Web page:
The hospital claimed the terminations were justified because the workers did not disclose their records. But a subsequent inquiry revealed that five of the workers had properly disclosed their past convictions.

A campus organization, the Labor Action Group, which has held rallies and launched a city-wide petition campaign on behalf of the terminated workers, pointed out that the first of the rape victims had alerted management about the rape, but two weeks passed without any action being taken. The medical center had been under federal scrutiny and was in jeopardy of losing $230 million in Medicare funding and critics charge the terminated workers were sacrificed to salvage federal funding.

Bankrupt LTV and steelworkers union agree on concessions

The United Steelworkers (USW) union announced July 6 that it had reached an agreement with bankrupty-plagued LTV Steel concerning its 9,000 union workers. No contract details were released. The agreement came after LTV first threatened liquidation, then went to court seeking to impose a contract on the union.

The USW had been attempting to implement a formula whereby a percentage of workers’ wages would be funneled into a fund that would serve as collateral for a loan. It was not clear who would administer the fund. But LTV rejected the proposal.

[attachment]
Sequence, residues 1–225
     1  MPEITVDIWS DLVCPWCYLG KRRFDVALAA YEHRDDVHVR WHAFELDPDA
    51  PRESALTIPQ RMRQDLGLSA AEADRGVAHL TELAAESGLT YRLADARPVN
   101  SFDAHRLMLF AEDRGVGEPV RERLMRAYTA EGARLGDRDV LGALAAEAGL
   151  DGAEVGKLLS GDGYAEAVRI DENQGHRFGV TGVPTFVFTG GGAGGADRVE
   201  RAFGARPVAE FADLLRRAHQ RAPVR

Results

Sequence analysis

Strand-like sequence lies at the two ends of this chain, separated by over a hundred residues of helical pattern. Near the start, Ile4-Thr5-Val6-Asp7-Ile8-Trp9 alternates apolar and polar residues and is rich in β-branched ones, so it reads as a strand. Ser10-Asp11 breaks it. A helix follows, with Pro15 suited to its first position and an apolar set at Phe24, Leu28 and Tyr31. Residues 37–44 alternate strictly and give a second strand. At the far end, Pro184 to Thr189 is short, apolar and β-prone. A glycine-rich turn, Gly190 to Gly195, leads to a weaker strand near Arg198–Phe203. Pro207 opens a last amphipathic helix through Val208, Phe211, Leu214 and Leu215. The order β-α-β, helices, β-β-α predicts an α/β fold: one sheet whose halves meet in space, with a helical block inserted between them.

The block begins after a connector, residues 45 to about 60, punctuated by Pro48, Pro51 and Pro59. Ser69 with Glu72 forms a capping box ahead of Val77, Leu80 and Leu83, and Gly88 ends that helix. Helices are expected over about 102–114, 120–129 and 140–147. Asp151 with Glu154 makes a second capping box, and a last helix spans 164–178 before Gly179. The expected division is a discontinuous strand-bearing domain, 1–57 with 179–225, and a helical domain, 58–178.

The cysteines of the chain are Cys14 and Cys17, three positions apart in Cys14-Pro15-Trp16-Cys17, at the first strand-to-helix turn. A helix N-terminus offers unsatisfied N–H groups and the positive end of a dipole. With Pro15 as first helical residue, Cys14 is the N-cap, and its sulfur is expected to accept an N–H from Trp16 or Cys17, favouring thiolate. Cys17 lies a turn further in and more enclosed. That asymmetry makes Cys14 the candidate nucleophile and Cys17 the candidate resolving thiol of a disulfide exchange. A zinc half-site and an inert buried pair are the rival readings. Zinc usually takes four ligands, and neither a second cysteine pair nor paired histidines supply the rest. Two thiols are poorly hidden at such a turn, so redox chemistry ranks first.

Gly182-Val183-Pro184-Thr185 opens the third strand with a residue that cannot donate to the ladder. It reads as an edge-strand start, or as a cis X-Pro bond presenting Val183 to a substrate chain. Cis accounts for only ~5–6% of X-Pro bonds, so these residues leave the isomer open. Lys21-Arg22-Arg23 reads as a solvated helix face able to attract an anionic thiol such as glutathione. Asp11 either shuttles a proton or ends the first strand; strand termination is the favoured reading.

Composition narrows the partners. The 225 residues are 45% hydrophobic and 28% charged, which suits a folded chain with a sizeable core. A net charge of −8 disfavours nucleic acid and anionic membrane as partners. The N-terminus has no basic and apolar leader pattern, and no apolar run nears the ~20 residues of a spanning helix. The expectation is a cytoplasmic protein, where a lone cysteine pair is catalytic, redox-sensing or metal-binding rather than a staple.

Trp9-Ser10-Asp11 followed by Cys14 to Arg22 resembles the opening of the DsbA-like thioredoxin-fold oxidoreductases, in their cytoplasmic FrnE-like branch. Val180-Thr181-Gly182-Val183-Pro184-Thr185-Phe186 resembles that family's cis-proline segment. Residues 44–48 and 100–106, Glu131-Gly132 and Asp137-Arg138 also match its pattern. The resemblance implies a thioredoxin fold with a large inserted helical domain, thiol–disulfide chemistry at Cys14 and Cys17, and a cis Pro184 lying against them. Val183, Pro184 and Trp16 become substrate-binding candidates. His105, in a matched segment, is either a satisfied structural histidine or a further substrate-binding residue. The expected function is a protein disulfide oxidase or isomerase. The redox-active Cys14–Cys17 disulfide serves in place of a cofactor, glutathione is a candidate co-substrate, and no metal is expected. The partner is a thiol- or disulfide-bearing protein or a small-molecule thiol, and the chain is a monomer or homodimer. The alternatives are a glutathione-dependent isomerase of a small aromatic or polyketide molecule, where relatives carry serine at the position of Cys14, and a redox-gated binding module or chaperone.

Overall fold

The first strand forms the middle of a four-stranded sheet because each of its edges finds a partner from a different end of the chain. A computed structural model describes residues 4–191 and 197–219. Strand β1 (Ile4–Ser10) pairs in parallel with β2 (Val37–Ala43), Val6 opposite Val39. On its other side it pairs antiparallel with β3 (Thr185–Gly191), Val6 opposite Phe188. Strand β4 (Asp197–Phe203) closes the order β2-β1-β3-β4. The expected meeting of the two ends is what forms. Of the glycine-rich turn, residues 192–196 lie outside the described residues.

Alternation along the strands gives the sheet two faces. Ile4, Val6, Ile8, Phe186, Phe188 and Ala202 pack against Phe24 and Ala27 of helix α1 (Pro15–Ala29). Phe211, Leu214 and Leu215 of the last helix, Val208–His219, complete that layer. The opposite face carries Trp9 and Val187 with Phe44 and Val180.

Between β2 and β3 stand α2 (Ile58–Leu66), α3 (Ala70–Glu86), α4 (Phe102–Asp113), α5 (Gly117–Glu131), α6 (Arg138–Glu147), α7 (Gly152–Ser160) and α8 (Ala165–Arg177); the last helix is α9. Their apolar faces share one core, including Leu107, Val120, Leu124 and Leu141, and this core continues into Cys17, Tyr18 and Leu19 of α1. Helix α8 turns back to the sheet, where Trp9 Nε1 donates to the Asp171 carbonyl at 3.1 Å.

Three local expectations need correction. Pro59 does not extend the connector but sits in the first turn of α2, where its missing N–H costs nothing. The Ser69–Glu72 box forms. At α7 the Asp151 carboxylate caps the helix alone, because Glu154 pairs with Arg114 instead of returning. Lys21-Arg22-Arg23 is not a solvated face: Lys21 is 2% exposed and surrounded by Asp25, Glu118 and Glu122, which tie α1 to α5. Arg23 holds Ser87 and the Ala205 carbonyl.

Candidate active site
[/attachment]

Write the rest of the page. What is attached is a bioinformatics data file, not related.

The company said it required $800 million in cost-cutting, of which one-third was to be derived from concessions by the union.

Disney workers ratify labor agreement

Some 25,000 workers at Disney World ratified a three-year labor agreement by a 2-1 margin. The agreement raises starting minimum wages by a paltry 35 cents, to $6.70 an hour. The highest hourly wage will be hiked to $18.88. Disney agreed to raise the caps on pension benefits and put a limit on yearly hikes in health benefits that are deducted on a weekly basis from paychecks.

The contract covers a wide variety of workers, such as those who wear Mickey Mouse costumes, restaurant workers, hotel workers and transportation workers.

Ed Chambers, president of Local 1625 of the United Food & Commercial Workers, admitted that some workers will only receive annual lump-sum payments. “When we negotiate again in 2004, we’re basically starting at the same wages as in 2001.

As part of the settlement, the labor bureaucracy secured the right to organize over 6,100 part-time Disney workers.

Best Buy penalized for cheating workers out of overtime

The Minneapolis-based retailer Best Buy Inc. agreed to pay a $5.4 million fine after the Labor Department uncovered company policies that cheated some 70,000 workers out of overtime.

Workers were not credited with overtime for working hours on days off, meal breaks, after punching out at the end of their shift, and time spent waiting for managers to open the doors. The company also failed to keep accurate records of hours worked by employees.

Workers employed between February 1998 to February 2000 are to be paid back wages chiseled from them by the company.


Compromise halts health care strikes in Nova Scotia

The growing confrontation between the Nova Scotia government and unions representing nurses and health care workers was defused last week when Premier John Hamm brought forward a compromise proposal. The Tory Premier promised to rescind a new anti-strike law, Bill 68, which had provoked retaliatory actions by workers, and agreed to a form of contract arbitration.